How Universal Music Stock made its first week


Shares opened at 25.25 euros ($ 29.59) before peaking at 26.45 euros ($ 30.99) – a market cap of $ 56.2 billion – and ending the day at 25.10 euros ($ 29.41). During the week, the stock price fell slightly and traded from a low of 22.74 euros ($ 26.65) to 25.25 euros ($ 29.59). On Monday, September 27, UMG’s fifth trading day, the stock closed at 23.65 euros ($ 27.71), giving the company a market capitalization of 42.9 billion euros (50.3 billion euros). dollars).

The success of the public listing, however, did not come as a surprise. Prior to UMG’s listing, most financial analysts who covered Vivendi estimated the company to be worth between 39 and 42 billion euros ($ 49.2 billion), or about 21.50 euros ($ 25.21) at 27.15 euros ($ 31.81) per share. If UMG shares traded around these prices in the first week of trading, the company’s market cap – the total value of all outstanding shares – would have been in line with analysts’ calculations. Following the listing, five analysts who launched the UMG hedge had an average price target of 27.50 euros ($ 33.22), which is 17% above Friday’s closing price.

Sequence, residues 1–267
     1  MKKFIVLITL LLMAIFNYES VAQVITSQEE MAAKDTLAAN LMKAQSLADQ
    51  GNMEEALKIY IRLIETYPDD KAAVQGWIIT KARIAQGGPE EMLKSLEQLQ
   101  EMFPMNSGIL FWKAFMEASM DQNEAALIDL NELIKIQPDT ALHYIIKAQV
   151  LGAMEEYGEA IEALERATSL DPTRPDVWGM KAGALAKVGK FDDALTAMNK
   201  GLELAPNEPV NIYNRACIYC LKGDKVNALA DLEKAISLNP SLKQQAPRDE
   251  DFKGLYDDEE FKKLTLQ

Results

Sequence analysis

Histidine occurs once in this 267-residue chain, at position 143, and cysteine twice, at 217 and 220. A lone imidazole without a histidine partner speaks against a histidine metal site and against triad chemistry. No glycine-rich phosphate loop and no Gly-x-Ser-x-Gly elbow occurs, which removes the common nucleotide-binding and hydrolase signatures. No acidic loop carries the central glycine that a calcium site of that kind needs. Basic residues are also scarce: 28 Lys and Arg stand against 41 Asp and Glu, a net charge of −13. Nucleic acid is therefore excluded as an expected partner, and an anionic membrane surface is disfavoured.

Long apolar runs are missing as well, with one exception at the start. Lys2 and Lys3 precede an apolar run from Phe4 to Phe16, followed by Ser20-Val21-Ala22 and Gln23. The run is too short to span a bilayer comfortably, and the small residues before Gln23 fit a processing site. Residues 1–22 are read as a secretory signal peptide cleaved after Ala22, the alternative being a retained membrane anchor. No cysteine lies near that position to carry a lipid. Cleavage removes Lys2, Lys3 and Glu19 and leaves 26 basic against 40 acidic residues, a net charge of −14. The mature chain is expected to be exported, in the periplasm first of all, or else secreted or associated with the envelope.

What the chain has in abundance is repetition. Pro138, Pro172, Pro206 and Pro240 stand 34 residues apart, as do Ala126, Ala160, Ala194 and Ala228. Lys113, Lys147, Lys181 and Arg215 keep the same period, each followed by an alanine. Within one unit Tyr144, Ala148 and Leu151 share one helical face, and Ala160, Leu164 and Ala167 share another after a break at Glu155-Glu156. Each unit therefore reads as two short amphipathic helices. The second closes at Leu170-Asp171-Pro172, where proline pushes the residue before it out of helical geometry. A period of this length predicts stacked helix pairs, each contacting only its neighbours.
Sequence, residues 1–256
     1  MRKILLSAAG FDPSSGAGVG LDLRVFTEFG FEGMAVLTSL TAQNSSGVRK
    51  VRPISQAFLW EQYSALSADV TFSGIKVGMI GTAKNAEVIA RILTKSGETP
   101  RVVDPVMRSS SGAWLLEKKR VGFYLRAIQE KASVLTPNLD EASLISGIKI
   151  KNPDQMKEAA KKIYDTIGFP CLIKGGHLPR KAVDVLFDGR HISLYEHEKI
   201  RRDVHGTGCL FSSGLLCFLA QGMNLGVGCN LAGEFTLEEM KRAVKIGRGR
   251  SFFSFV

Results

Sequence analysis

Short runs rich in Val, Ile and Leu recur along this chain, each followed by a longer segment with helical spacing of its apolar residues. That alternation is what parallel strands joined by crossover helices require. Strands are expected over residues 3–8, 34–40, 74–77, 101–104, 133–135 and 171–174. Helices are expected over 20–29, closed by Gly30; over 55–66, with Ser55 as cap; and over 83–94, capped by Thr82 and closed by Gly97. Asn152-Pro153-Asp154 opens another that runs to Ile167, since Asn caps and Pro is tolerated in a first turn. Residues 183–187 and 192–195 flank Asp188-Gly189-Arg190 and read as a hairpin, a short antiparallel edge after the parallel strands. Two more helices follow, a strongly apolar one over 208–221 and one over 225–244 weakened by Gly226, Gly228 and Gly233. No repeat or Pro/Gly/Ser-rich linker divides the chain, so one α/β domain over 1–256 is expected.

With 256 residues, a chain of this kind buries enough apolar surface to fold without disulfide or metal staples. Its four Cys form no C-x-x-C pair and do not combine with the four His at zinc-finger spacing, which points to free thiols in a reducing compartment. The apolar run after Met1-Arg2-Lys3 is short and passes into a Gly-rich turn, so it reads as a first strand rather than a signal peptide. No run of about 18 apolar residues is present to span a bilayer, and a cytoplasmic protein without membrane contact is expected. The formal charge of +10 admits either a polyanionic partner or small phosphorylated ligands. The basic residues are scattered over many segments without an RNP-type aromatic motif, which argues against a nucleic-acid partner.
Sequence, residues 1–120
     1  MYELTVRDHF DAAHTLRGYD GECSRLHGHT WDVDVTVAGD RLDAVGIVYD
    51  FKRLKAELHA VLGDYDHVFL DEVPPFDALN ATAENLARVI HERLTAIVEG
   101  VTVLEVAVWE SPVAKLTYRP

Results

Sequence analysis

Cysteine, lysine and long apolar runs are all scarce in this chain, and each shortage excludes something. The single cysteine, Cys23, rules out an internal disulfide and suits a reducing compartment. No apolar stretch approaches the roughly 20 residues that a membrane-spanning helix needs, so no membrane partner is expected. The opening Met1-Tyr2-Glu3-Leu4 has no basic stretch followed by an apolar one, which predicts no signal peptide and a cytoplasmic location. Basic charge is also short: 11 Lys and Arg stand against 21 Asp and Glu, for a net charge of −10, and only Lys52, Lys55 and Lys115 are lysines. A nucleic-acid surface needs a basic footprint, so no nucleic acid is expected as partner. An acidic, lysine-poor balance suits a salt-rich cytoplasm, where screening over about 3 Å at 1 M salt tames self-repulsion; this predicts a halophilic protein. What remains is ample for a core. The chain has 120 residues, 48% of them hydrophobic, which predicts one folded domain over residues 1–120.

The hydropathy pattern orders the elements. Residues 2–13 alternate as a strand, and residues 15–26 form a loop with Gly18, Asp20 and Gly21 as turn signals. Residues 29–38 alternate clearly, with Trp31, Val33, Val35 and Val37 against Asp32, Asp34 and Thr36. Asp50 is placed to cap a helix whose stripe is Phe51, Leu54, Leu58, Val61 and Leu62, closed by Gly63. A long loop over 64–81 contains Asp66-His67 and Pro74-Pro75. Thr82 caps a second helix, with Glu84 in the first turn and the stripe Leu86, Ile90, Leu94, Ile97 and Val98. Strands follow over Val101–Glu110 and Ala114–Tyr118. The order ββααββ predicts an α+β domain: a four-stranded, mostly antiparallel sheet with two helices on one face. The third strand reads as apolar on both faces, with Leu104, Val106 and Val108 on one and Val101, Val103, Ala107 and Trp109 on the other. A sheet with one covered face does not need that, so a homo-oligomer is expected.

Still, relatively few shares have traded so far and the UMG share price could fluctuate as the market becomes more liquid. In the first four days, UMG’s trading volume was 75 million shares out of 1.8 billion shares outstanding and 756 million available for trading. (By comparison, when Warner Music Group went public in June 2020, its owner, Access Industries, launched 70 million shares. The volume traded on the first day alone was 35 million, or half of all shares on The market.) A share price that remains well above 18.50 euros ($ 21.64) could prompt many more new UMG shareholders to sell in the coming weeks. As a result, more shares on the stock exchange would help satisfy investors who want to buy UMG shares but don’t want to inflate the price if supply is insufficient for demand.

The legacy of UMG’s listing could linger for years and transform who finances and owns the rights to recordings and compositions. Since illegal file sharing decimated the music industry in the 2000s, streaming and other licensing opportunities have made a comeback over the past five years, rekindling investor interest in music and encouraging a large number of companies to go public. WMG and Round Hill Music Royalty Fund listed on the Nasdaq and the London Stock Exchange respectively in 2020, and earlier this year Reservoir Media and Believe entered the public markets.

Now that other music companies are planning to go public, they will have UMG’s landmark debut to highlight before they test the waters. This will fund future acquisitions and give existing shareholders an exit plan, which means more big salaries for executives and lucrative deals for rights holders.


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